Abstract # 49:

Scheduled for Thursday, June 17, 2010 07:00 PM-09:00 PM: Session 11 (Medallion Ballroom C/D/E/F) Poster Presentation


P. Pierre, C. A. Corcoran, M. Blevins and A. J. Bennett
Wake Forest Health Sciences, Medical School Blvd, Winston-Salem, NC 27157, USA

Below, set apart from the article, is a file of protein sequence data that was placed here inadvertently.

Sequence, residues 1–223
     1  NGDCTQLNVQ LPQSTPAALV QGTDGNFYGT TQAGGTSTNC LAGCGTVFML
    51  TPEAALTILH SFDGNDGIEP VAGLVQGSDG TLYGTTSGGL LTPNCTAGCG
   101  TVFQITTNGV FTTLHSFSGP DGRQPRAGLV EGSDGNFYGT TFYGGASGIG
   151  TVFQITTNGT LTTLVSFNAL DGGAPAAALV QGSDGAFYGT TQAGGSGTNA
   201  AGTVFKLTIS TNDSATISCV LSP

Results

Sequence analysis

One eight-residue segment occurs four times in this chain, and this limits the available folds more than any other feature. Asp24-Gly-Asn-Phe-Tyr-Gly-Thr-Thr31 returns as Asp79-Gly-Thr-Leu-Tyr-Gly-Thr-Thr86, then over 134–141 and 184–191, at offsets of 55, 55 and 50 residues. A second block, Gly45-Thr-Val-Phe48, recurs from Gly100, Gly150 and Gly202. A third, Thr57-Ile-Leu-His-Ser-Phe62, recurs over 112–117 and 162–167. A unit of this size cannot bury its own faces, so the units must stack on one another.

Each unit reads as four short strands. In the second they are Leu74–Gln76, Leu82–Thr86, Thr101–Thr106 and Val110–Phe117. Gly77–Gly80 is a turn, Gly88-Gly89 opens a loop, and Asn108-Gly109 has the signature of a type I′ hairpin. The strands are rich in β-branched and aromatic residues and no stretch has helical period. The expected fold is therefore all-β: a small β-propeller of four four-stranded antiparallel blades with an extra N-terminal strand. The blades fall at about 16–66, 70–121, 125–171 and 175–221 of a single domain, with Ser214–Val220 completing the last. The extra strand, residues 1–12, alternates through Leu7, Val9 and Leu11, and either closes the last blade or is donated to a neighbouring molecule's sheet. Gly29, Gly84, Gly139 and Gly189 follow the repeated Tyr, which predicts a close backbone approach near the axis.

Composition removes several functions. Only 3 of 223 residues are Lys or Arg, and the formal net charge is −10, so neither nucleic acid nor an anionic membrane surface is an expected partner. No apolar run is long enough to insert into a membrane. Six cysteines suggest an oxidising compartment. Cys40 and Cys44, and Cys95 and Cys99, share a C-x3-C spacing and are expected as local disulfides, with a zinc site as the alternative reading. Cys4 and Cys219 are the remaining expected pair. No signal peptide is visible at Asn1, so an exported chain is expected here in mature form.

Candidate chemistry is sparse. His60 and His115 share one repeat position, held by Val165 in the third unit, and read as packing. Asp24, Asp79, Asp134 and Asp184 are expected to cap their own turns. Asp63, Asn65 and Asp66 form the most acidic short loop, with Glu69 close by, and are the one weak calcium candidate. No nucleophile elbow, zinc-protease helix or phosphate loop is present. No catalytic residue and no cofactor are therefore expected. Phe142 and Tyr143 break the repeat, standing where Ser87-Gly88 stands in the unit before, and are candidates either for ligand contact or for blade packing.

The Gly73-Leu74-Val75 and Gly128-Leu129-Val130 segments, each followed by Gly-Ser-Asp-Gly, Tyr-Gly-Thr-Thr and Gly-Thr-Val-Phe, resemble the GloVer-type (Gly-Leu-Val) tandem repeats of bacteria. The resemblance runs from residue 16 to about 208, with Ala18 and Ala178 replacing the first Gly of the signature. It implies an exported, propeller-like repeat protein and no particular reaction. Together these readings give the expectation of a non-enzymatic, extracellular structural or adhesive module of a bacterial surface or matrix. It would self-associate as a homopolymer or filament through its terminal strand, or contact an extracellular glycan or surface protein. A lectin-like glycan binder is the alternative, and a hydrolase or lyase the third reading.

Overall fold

Nonhuman primates provide a unique opportunity for controlled, longitudinal study of the effects of alcohol on behavioral and physiological development. The effects of alcohol self-administration on behavioral activity were evaluated in adolescent male cynomolgus monkeys (Macaca fascicularis). Monkeys orally self-administered alcohol (1.0 g/kg) in a concentration of 6% sucrose-solution or an isocaloric vehicle in a 30 min limited-access procedure 5 days/week. The procedure met the criteria for adolescent binge-drinking in terms of subject development, drinking frequency, and achieved blood alcohol levels. Activity was measured continuously using a wrist watch actimeter prior to, and throughout, 12 months of drinking. Between-within RMANOVA was performed on the activity data. Drinking group differences were not evident in total activity in light and dark periods; however, the organization of activity within the dark period differed significantly between the groups [P<0.05]. The activity drop-off at the onset of the dark phase was decreased in drinkers and the effect became more pronounced with cumulative drinking [P<0.05]. Similar dysregulation was shown by increased frequency of activity disruptions in the drinkers during the dark phase, an effect that also became more pronounced with continued drinking across the 12 months [P<0.05]. Finally, the morning spike in activity was delayed in drinkers as compared to the non-drinkers [P<0.05]. Taken together, our data provide evidence of alteration of activity patterns associated with alcohol consumption.